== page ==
Artwork Review: Christelle Desangles, "19.01.22"

45.75" x 35", Oil on linen, 2021


On her website, Christelle Desangles writes that she favors abstraction so that the viewer can direct their own “inner journey” based on what they see, without the artist’s influence. For the same reason, Desangles doesn’t title her works. Though she avoids easily identifiable subject matter, Desangles says that lately she has been putting celestial space into her work.

Looking at 19.01.22, I see the intent of conveying natural power and mystery: the intense blue color and the light contrast evoke a sense of the sublime. In Romantic art of the 18th and 19th century, the term “the sublime” references the awe-inspiring unpredictability of nature. In this painting, I see a vast ocean, with a beam too smooth to be lighting splitting the sea.The artist statement accompanying it explicitly mentions the sublime, saying that “by a sublime horizon linking sky and sea, the blue becomes vertical. A descent into ourselves becomes possible. A vertiginous descent that elevates us.” This delightful statement speaks to the reflective aims of this series. The other paintings in this blue series resemble similar watery scenes, or galaxies, or maybe just blue. To reflect on what you see, stop by the Nelli Bar and Paul Wieghardt Gallery. Christelle Desangles’ work, along with that of Shar Coulson’s, Cecelia Feld, Catherine Forster, and Beverly Kedzior will be on display until May 22nd, 2022 as part of the Expressive Exuberance exhibition.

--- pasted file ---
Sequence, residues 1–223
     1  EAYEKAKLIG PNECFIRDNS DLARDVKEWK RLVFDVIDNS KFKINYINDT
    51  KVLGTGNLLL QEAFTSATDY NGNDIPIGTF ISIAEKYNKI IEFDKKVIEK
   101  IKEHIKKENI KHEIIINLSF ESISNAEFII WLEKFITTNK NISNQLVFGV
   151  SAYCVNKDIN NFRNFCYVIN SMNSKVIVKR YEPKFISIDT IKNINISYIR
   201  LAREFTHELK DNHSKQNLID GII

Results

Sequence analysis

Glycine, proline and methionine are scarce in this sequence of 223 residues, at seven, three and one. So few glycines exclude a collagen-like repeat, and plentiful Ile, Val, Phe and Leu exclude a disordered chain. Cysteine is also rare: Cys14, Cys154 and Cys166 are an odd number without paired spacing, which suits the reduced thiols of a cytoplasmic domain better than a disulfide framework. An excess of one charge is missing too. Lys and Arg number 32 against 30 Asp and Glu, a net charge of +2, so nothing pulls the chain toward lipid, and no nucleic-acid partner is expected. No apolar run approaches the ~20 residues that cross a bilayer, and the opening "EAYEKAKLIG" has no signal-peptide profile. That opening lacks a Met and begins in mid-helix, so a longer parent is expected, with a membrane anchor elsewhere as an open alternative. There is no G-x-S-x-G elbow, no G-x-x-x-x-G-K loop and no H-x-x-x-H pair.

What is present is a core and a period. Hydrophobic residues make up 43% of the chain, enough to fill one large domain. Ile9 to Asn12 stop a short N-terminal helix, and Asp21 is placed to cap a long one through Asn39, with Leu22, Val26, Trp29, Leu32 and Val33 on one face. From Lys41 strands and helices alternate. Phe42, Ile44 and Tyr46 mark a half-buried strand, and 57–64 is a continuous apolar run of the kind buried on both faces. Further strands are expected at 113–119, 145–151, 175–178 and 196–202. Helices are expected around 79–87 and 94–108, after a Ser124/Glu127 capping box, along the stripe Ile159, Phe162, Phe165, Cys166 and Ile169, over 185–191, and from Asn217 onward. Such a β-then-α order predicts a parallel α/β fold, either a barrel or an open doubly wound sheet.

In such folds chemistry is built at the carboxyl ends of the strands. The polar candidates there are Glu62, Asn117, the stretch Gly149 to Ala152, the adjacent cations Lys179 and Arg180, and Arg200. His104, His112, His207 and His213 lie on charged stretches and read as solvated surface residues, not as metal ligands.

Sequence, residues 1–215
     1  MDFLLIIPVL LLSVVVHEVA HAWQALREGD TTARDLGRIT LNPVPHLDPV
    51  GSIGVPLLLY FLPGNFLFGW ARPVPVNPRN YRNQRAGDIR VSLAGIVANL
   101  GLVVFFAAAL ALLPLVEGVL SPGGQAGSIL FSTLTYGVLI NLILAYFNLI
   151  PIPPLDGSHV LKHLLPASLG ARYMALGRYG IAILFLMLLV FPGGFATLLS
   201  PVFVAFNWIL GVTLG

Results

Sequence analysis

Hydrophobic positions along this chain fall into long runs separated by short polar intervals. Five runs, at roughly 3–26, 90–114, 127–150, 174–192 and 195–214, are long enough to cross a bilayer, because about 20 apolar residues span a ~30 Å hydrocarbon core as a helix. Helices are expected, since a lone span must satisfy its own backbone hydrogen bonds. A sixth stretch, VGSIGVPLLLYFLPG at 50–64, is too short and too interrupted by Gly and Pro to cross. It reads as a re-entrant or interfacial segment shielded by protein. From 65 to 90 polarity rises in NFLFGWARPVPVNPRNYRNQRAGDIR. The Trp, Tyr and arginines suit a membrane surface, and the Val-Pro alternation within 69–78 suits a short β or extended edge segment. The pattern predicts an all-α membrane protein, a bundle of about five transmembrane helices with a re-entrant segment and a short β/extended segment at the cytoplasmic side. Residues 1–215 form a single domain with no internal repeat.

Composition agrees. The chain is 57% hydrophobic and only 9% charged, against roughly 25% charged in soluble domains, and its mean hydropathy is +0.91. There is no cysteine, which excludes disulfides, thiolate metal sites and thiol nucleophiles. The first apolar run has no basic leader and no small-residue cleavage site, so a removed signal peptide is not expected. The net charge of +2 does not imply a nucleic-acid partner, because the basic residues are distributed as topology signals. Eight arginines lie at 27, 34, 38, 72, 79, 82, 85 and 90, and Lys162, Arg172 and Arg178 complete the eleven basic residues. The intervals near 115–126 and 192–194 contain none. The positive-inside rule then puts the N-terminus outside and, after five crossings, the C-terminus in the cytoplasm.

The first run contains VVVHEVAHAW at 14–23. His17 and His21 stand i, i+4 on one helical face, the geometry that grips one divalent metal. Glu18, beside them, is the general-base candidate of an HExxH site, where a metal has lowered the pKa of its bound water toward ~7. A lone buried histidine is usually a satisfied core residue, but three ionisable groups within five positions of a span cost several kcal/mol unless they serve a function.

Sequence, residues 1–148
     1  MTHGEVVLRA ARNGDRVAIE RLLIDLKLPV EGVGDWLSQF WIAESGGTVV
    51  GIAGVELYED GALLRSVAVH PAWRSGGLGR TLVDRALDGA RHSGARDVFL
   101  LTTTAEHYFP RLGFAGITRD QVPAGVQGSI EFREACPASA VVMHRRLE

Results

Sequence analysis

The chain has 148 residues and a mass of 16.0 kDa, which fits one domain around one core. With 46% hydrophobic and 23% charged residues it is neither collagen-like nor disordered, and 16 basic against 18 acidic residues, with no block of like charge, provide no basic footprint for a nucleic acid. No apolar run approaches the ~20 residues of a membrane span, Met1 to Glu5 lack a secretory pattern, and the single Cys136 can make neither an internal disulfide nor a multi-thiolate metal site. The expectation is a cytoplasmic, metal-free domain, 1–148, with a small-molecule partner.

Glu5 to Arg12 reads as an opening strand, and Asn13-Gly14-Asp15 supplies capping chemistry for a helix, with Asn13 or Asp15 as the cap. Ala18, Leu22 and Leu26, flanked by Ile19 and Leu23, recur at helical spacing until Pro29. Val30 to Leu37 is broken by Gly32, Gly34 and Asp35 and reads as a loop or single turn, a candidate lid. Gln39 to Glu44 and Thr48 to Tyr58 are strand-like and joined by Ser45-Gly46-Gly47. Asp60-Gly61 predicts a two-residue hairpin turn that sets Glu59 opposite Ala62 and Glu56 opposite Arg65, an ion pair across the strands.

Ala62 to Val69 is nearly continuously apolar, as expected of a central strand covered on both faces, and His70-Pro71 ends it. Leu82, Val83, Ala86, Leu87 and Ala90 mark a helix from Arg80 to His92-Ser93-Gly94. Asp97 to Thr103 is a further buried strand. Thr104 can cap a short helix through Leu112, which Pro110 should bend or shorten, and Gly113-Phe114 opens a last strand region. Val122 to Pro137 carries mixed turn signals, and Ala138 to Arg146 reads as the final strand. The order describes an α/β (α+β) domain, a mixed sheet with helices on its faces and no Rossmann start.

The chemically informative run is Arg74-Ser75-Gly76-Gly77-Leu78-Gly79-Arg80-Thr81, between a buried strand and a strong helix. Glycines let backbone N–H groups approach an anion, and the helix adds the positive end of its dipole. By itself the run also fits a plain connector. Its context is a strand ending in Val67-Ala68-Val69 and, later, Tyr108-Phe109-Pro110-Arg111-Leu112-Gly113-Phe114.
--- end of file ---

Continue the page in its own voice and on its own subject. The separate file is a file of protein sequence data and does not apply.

Posted By
Eli Kosinski